This was more a critique of the education system, not about the younger generation. Our Academia Non Grata never got official accreditation because there was no custodial service in our school. The students had to do it all themselves: heat the ovens, clean the toilets and classrooms, help with construction as needed. The course was designed toward universal personal development.… The education systems of the [European Union] make students deal with formalities and bureaucratic rituals that take all of their power and time, and have nothing to do with creative work.

What age range enrolled in Academia Non Grata? How many went on to become members of the performance group?
We had students from ages 18 to 65, with most between 18 and 25 years old. Almost all participated in NON GRATA performances at some point; maybe 10% became members. Of course, we do not have and never had membership cards. NON GRATA members are people who, at a given moment, are directly connected to the activity of NON GRATA, who adhere to its requirements and internal procedures, express their wish to do so and acknowledge their role within its structure.

NON GRATA’s members use aliases such as Anonymous Boh, Devilgirl and Moggelitoo. Its mission statement speaks of the importance of “anonymity in group work and ignorance of local art and mass media.” Why?
The primary goals of the activity of NON GRATA are [building] an experimental, creative environment and staying in the process, to be interpreted only via the creative process. Anonymity releases a person from a career-centered orientation and enables the formation of a melting pot of unlimited ideas. There is no kissing of art-world asses or media clowns. Total anonymity is impossible in Estonia—it’s just too small a country, and everyone is known to everyone at least in art circles. It created a somewhat schizophrenic situation, where each of us was anonymously a member of NON GRATA and then someone else in the public sphere. I use “Anonymous Boh” as my artist name.

How many members are there?
We’ve had more than 500 members during the last 13 years, from all over the world. We usually have five to 10 active members and then a lot of “sleeping members,” people activated when Estonians come over the sea, who organize NG activities in their location and perform and travel with us.

On February 11, I attended a presentation in Chicago by Martin Creed, a performance in the general guise of a lecture. I don’t consider his work to be similar to NON GRATA’s, but I was curious how you would respond to some statements he made, taken out of context. One: “Feelings are the most important things.… I feel bad and I want to feel better.”
This is that cliché about the suffering artist. Some artists have even said to me that I cannot be a “real artist,” because I’m too happy a person.

Two: “The best feelings to me are the most exciting feelings, like sex, or something like sex.”
Catharsis is of course important. Recently, in France, I heard someone describe our performance as “natural LSD.”

Three: “I don’t know what art is.”
Lots of people and some performance artists believe that what NON GRATA does is not art. Maybe we don’t know, either. One possible [definition] is “to fulfill the space.” We don’t like to perform in one space several times. It’s already been stripped of its virginity and so that tension is lost.

Four: “I don’t want to be a part of my generation.”
What an ageism.

Have you or any other members of NON GRATA been arrested during, or because of, a performance?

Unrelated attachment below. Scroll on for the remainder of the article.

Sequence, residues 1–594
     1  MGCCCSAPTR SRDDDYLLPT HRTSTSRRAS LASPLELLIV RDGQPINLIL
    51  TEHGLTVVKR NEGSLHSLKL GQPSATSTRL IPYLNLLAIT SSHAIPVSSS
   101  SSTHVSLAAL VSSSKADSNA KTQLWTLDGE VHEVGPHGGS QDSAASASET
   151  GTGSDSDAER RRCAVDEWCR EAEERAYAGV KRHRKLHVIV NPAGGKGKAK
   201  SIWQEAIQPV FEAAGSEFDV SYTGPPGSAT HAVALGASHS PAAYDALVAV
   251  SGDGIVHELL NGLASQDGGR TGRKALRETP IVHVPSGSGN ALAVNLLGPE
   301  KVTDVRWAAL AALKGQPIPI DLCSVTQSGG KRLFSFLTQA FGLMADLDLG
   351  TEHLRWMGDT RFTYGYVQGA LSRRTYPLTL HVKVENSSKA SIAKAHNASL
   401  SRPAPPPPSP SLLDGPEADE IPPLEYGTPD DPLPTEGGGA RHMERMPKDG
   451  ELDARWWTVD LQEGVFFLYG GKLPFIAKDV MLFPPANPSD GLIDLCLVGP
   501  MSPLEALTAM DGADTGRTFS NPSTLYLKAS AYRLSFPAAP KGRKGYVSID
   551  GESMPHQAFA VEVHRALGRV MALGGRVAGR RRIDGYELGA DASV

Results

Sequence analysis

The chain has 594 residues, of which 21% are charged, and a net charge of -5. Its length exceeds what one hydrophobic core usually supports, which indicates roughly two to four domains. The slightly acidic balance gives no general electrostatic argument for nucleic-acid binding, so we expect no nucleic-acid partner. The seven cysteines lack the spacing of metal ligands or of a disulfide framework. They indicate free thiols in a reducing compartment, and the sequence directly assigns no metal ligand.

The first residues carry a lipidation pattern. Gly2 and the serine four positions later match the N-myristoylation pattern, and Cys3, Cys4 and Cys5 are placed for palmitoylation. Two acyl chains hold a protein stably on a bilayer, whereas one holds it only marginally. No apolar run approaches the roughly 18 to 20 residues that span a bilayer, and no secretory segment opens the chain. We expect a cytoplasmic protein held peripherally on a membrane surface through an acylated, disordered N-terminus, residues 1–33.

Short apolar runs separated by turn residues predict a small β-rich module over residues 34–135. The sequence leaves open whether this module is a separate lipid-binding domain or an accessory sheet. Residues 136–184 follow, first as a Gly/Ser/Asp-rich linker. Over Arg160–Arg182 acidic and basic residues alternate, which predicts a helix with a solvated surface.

Yes, several times. Once, on our way to perform in Paris, we were arrested in Copenhagen. They threw us in prison and kept us there for too long. I sued the Danish state and won the case; with this money we published the NON GRATA performance book. Every now and then somebody will get arrested but, usually, it’s not because the performance is too powerful, [but because the] police just don’t understand what we’re doing and do not know it is art.

What kind of damage have NON GRATA performances done to members? To viewers?
Some of our members have been injured during the actions: burn marks, bruises, broken bones. Never any witnesses. Spaces, yes. We made a performance once with the Estonian National Male Choir in a big concert hall. They gave us a bill for $5,000 in damage.

Do NON GRATA works live more in the moment of their performance, or in the effect that they have on performers and witnesses after the fact?
Myth is the most powerful documentation of any performance, photo, video, text or gossip. Does it live in its events and actions? Of course, this is the main thing. The other part [effects after the fact] is out of our reach. The author has left the building.

NON GRATA “is a cure from incest” in art today, says another group statement, and provides “aesthetical and provocative challenges…in places, where the Art World doesn’t work.” What happens if and when the “Art World” decides to honor, acknowledge or include NON GRATA?
I cannot say it hasn’t tried. I select where we perform according to what inspires creativity. The people with whom we want to do something at any given time also play a large role. We appear in very different circles and institutions, subcultures, and between various fields. Sometimes it’s an art mecca such as New York, London or Paris; sometimes the limited vastness of the U.S.; South American ghettos; performance festivals in Asia or Scandinavia. We get a lot of invitations, however, we can’t and don’t want to appear just anywhere and everywhere. We choose according to what’s appealing. The world is an experimental space, and art is a creative process perpetually on the move.… An artist must stay on the pulse of life and, if he’s lucky, a little step ahead.

NON GRATA presents Force Majeure in Chicago on March 4. There is a $10 suggested donation.